2019 Minnesota Invitational: Day One Finals Live Recap


  • Wed. Dec. 4 – Sun. Dec. 8, 2019
  • Jean K. Freeman Aquatic Center / University of Minnesota / Minneapolis, MN
  • Wed. Timed finals 6 PM
  • Thu.-Sat. Prelims 10 AM / Finals 6 PM / Diving 12 Noon
  • Short course yards (SCY) format Wed.-Sat. (LCM format Sunday)
  • Psych Sheets
  • Live Stream (days 2-4)
  • Live results (page should update when meet begins)
    • Back-up: Meet Mobile is working fine. Search “Minnesota Invite 2019”

Tonight is the first session of the 2019 Minnesota Invitational. It’s certainly a last, but not least, kind of meet; with most of the high-profile NCAA mid-season invites done and dusted, we have swimmers from Texas, Cal, Minnesota, Arizona, Michigan, Harvard, and Iowa all squaring off.

There are four relays contested tonight: the 200 medley and 800 free relays for men and women. Among several big storylines to keep track of this meet, we’ll get to see swimmers from Cal and Texas throw down, though there is plenty of firepower to go around from the rest of the teams in this field. Also of note, one of the top breaststrokers in the country, Max McHugh of Minnesota, will have his first big meet since suffering a gun wound this summer. We should get to see him in action in the 200 medley relay tonight.


  1. Cal – 1:35.24
  2. Michigan – 1:35.53
  3. Texas – 1:37.17

Cal and Michigan wound up very close in this race, with the Golden Bears prevailing thanks largely to a massive 20.56 anchor from Abbey Weitzeil. It’s the fourth-best relay split performance from a woman ever, unofficially. Only she and Simone Manuel have been faster; they’re tied at 20.45 for the best split ever, and Weitzeil has been 20.49 in the past, too.

Cal led off with Keaton Blovad on backstroke (24.04), followed by Ema Rajic (27.26) on breast and Maddie Murphy on fly (23.38).

Michigan was second, but they were out to an enormous lead at the half. Maggie Macneil, defending World Champion in the 100 fly, swam backstroke (23.80) followed by a big 26.23 split from Miranda Tucker. They had Claire Maiocco (23.83) swim fly and were anchored in 21.67 by Daria Pyshnenko.

Texas placed third in 1:37.17, a ways back, while Cal’s B took fourth (1:37.22) ahead of Minnesota (1:37.95). The Longhorns had Claire Adams (24.24), Evie Pfeifer pulling sprint breast duties (27.55), freshman Kelly Pash (23.48) and Julia Cook (21.90). For Cal’s B, freshman Ayla Spitz was 24.78 leading off, with fellow freshman Eloise Riley anchoring (22.21), while Ali Harrison (27.25 on breast) and Izzy Ivey (22.98 on fly) actually out-split their A relay’s breast and fly legs, and their composite best would’ve been 1:34.83.

Host team Minnesota was fifth, getting a 26.75 breast leg from Lindsey Kozelsky, while Arizona (1:38.49) and Harvard (1:39.91) were also under 1:40. The Wildcats were led by a 24.13 lead-off from Aria Bernal, and Harvard got a 24.88 lead-off from freshman Felicia Pasadyn (24.88).

Virginia leads the country still with a 1:33.91, well ahead of the teams racing tonight. Cal checks in for second in the nation, just ahead of Michigan and Tennessee (1:35.61). Only Mizzou (1:35.61) and NC State (1:35.92) have broken 1:36 this year.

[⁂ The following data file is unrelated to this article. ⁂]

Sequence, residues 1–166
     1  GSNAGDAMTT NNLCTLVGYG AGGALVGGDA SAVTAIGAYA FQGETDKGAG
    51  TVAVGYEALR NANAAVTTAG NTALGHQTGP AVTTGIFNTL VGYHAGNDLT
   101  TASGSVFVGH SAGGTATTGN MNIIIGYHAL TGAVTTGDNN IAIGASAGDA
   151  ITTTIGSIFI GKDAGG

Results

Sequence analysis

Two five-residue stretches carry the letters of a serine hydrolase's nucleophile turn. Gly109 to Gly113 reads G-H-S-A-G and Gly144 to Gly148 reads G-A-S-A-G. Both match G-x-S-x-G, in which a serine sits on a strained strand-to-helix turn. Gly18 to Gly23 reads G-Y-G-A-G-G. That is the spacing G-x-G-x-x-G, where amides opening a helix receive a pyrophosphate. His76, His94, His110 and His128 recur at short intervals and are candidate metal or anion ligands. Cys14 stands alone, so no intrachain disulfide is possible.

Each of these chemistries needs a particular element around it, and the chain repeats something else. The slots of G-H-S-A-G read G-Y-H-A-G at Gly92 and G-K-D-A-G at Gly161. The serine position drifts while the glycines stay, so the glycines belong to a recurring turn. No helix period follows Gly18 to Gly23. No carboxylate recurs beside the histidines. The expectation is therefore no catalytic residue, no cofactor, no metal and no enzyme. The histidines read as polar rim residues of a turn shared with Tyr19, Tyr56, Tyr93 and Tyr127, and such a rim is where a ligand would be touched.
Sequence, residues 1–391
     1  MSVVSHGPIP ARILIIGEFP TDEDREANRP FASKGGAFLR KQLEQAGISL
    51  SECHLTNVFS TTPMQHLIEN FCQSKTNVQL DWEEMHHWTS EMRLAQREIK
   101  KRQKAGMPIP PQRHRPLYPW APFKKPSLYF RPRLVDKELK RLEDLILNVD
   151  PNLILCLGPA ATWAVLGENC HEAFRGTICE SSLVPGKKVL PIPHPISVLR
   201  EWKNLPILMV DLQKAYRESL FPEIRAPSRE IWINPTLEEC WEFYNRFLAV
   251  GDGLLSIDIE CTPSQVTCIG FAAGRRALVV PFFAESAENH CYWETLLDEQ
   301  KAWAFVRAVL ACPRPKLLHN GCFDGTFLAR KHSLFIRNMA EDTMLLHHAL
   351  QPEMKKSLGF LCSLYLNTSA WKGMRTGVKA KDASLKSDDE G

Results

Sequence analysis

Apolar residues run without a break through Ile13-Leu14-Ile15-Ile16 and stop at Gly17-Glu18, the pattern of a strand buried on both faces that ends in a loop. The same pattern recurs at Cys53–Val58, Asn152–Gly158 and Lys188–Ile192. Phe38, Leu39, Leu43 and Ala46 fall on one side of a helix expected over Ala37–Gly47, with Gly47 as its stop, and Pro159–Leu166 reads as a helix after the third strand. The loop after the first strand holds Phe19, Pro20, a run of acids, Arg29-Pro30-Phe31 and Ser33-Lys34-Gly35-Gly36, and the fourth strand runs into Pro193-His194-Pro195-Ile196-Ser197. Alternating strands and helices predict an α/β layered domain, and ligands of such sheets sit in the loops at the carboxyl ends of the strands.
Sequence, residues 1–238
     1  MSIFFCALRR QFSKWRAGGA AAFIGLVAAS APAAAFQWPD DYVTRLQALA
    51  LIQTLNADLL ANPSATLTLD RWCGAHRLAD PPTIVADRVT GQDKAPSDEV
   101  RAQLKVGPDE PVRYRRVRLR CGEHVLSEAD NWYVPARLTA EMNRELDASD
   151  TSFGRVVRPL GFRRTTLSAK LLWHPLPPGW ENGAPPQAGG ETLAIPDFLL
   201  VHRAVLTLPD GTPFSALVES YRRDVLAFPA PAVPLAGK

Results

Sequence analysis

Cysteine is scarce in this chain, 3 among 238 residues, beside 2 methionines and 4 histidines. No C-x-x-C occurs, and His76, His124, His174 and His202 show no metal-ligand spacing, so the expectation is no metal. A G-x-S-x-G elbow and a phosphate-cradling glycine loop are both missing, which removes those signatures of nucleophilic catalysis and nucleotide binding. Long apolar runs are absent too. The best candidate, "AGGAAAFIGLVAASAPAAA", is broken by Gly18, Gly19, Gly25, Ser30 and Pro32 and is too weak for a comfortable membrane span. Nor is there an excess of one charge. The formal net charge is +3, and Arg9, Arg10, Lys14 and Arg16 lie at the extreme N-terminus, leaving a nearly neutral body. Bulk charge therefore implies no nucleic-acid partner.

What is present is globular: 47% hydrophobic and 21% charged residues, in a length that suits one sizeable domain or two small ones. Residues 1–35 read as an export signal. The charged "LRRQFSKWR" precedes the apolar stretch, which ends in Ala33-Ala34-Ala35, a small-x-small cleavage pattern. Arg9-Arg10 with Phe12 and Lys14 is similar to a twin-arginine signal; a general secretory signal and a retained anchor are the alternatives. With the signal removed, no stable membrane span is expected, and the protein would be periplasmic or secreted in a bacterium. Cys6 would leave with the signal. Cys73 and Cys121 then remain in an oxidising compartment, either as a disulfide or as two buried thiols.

1. Cal – 1:23.12
  2. Texas A – 1:23.53
  3. Texas B – 1:23.69

Cal and Texas did not mess around tonight. Cal’s A, and Texas’s A and B, now own the top three times in the NCAA.

Leading off for Cal was Daniel Carr (21.53), followed by Reece Whitley (23.29), Pawel Sendyk (19.95), and Ryan Hoffer with an 18.35 anchor leg. Sendyk’s and Hoffer’s splits stand out here, with Hoffer’s being the best anchor leg in the field.

Texas’s A wasn’t far behind at 1:23.53, led off by Chris Staka (21.14) with the field’s best lead-off split. Charlie Scheinfeld was 23.59 on breast, Alvin Jiang 20.23 on fly, and Daniel Krueger 18.57 anchoring, a nice split for him.

Texas’s B was 1:23.69 with Ryan Harty (21.30), freshman Caspar Corbeau (23.23), Maxime Rooney (19.86) and Luke Bowman (19.30). That’s an incredible split from Rooney, about a half-second from the unofficial best split ever, a 19.36 from Texas alum Joseph Schooling. If you piece together Texas’s best four from their A and B (Staka/Corbeau/Rooney/Krueger), you get a 1:22.80, which would’ve taken the win here.

Michigan, who went 1:25.06 at NCAAs last year and didn’t score, looked much better here with a 1:24.24, not far out of the mix. Eric Storms was 21.91 on back, Will Chan 23.62 on breast, Miles Smachlo dropped a 20.30 on fly, and Gus Borges impressed with the field’s second-best split, an 18.41. Borges was the big gun here; he was only 19.08 anchoring at NCAAs in March.

Arizona touched at 1:25.47 for fifth, getting a 21.60 lead-off from Thomas Anderson, a 20.45 fly split from Brendan Meyer and a 19.09 anchor from Marcin Ercegovic.

Texas’s C out-split Cal’s B, 1:26.09 to 1:26.47, with Jason Park going 21.98 out front, Michael Couet dropping a 23.95 breast split, and Jacob Huerta going 20.52 on fly, while Bryce Mefford was the stand-out Cal leg at 21.60 leading off. Touching eighth was Minnesota, buoyed by a field-best 23.04 breast split from Max McHugh.


  1. Cal A – 6:56.00
  2. Texas – 6:57.04
  3. Cal B – 7:04.50

This race, like the men’s 200 medley relay, was all Cal and Texas. Ultimately, Cal’s A took the win at 6:56.00, with Texas’s A also getting under 7:00 with a 6:57.04 for second.

The Golden Bears had freshman Ayla Spitz lead off in 1:45.17, followed by Izzy Ivey (1:44.19), Robin Neumann (1:44.22), and Abbey Weitzeil with a strong 1:42.42 anchor. Weitzeil was 48.85 going out and came home in 26.5 and 26.9. Texas had freshman Kelly Pash lead-off in a lifetime best 1:44.41, erasing her old best of 1:45.25 from just shy of two years ago to the day. Julia Cook was 1:44.29 to go second, Evie Pfeifer was 1:43.60 going third, and Claire Adams finished things off with a 1:44.74.